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New Zealand signals tightening cycle done after raising rate

New Zealand signals tightening cycle done after raising rate
The Reserve Bank of New Zealand (RBNZ) building in Wellington, New Zealand, on Wednesday, Feb. 22, 2023. New Zealand's central bank raised interest rates by half a percentage point, slowing its pace of tightening, but signaled further hikes will be needed to tame inflation. Photographer: Mark Coote/Bloomberg

New Zealand’s central bank raised interest rates by a quarter-percentage point and unexpectedly signaled that no further policy tightening would be needed to tame inflation, sending the nation’s currency tumbling.

The Reserve Bank’s Monetary Policy Committee lifted the Official Cash Rate to 5.5% from 5.25% on Wednesday in Wellington, as expected by 18 of 21 economists surveyed by Bloomberg.  The central bank’s forecasts showed the OCR has now peaked, with cuts beginning in the third quarter of 2024. 

The kiwi dropped as much as 1.3% to its lowest since 2 May as traders were surprised by the MPC’s decision not to keep the door open to further tightening. The yield on policy-sensitive 2-year bonds dropped the most in six months.

New Zealand has been in the vanguard of global tightening, outpacing even the Federal Reserve in the scale of rate hikes. The RBNZ has been trying to rein in a sharp burst of inflation and Wednesday’s decision to call an end to tightening suggests it’s now relying on lags in policy to keep cooling consumer prices.

“The real surprise for the market was the RBNZ effectively declaring ‘mission accomplished’ on rate hikes,” said Prashant Newnaha, senior Asia-Pacific rates strategist at TD Securities in Singapore. “Quite clearly this is a board that is content moving to the sidelines, letting prior rate hikes and expectations of the economy entering recession to naturally drive inflation down.”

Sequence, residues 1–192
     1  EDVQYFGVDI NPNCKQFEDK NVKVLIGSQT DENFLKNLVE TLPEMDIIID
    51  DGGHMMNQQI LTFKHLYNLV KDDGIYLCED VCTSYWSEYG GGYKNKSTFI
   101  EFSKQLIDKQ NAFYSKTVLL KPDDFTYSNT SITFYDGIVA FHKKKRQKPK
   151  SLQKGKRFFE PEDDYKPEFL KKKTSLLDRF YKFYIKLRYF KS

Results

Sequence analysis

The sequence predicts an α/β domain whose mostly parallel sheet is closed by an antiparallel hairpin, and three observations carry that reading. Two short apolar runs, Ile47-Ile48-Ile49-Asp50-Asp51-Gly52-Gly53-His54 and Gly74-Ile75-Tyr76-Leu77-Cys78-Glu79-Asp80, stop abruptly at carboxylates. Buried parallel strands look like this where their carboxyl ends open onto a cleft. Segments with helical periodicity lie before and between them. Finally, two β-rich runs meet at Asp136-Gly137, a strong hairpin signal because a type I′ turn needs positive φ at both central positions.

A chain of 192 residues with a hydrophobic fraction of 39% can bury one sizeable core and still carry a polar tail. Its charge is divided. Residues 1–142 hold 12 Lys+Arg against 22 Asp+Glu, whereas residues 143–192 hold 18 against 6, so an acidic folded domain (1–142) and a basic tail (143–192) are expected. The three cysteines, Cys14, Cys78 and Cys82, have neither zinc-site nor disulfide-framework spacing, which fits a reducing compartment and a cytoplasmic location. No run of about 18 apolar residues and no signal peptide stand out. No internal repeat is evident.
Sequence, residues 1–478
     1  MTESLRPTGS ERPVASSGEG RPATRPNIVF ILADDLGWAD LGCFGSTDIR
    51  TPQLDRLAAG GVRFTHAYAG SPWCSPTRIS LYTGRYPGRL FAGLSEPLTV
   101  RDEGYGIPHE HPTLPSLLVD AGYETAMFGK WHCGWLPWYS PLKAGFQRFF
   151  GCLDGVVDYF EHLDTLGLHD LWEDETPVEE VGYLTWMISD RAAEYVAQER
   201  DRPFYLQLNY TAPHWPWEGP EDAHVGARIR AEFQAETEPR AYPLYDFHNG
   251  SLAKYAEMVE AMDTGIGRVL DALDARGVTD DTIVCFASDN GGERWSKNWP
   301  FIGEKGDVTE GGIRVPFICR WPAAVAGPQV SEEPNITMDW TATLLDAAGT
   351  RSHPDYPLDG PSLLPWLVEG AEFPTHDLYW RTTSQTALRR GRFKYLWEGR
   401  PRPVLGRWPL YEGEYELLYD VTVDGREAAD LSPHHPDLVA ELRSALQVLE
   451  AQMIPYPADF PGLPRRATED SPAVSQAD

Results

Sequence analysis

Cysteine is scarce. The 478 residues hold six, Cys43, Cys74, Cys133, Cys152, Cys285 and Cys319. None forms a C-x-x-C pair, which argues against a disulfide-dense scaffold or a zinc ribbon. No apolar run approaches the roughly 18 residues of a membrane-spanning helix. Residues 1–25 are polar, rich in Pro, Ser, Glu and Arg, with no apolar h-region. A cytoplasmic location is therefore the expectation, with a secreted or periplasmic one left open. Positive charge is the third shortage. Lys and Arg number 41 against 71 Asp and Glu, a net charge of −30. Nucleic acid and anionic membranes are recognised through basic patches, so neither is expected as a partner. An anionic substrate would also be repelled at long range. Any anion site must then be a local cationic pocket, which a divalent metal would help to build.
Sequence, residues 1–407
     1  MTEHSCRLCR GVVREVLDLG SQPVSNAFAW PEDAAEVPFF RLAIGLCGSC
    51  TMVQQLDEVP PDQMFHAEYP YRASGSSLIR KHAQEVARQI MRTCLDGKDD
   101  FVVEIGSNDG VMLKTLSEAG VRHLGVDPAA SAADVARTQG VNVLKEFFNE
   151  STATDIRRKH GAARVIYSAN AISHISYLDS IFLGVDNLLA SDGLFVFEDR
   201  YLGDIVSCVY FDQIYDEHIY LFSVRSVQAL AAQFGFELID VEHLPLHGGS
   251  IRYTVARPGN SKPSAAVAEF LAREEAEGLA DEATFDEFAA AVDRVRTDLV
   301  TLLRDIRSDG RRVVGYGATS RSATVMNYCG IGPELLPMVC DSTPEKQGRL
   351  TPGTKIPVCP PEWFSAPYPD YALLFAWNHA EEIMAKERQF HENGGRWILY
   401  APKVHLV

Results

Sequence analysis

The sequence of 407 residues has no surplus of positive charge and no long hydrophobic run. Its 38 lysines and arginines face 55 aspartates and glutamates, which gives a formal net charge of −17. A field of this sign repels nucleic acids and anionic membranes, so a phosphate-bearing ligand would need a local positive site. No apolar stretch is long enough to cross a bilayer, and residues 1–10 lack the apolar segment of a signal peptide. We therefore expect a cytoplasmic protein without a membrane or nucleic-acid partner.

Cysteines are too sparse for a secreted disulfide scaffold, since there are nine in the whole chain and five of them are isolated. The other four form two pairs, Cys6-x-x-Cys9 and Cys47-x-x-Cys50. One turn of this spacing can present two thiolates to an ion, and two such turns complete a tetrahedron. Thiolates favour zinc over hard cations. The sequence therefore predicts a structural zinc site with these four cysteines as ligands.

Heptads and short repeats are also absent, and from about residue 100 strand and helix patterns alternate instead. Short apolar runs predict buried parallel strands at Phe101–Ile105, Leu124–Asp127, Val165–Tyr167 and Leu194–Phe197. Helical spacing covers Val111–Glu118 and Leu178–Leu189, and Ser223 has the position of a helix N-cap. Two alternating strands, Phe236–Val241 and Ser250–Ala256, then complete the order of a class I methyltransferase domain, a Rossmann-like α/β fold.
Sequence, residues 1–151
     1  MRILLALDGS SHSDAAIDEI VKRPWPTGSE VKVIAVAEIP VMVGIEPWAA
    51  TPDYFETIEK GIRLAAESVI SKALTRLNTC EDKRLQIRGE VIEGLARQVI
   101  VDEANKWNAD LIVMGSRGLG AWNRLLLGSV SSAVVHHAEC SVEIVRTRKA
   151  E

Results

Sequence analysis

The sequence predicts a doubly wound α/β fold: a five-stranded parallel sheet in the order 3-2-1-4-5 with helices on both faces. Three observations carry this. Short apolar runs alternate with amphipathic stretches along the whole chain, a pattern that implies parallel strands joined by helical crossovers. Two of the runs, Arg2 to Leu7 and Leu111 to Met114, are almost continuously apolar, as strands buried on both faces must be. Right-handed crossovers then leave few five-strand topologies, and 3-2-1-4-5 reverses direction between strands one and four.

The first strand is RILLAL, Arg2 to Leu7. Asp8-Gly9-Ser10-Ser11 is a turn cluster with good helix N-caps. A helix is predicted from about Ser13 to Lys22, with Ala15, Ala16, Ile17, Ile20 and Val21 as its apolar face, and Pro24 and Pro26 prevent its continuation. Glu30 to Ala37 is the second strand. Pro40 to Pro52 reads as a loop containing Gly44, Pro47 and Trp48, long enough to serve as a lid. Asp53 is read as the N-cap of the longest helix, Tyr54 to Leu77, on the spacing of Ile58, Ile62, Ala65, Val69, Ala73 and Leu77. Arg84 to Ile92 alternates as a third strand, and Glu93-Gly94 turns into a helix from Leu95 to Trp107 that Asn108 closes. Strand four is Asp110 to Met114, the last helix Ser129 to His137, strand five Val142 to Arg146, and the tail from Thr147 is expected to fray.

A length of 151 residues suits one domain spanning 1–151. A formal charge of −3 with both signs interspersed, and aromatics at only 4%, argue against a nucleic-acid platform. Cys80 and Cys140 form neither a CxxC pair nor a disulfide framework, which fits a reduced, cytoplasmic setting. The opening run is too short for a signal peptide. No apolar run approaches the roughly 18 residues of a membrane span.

The bank’s forecasts show a shallower economic slowdown, with a mild recession projected for the second and third quarters of this year.
“The committee is confident that with interest rates remaining at a restrictive level for some time, consumer price inflation will return to within its target range of 1-3% per annum,” the RBNZ said. “Inflation is expected to continue to decline from its peak and with it measures of inflation expectations.”

Most economists expected the central bank to retain a tightening bias and keep the door open for a further rate hike if needed.

The MPC’s record of meeting showed members discussed the option of keeping rates unchanged and voted 5-2 in favour of Wednesday’s hike, the first time they haven’t reached a consensus.

The RBNZ highlighted a surge in immigration that economists expect will fuel economic growth and add to inflation pressure, but said it expects the pace of arrivals to ease over coming quarters.

It also downplayed concerns about fiscal policy boosting demand, including reconstruction on the North Island from damage caused by a cyclone.
“The RBNZ no longer seems to believe that a marked economic slowdown is necessary in order to get inflation down,” said Sharon Zollner, chief New Zealand economist at ANZ Bank in Auckland. “If a relatively modest slowdown of that ilk is enough to bring inflation sustainably lower, that’s a great outcome, relatively speaking.” DM


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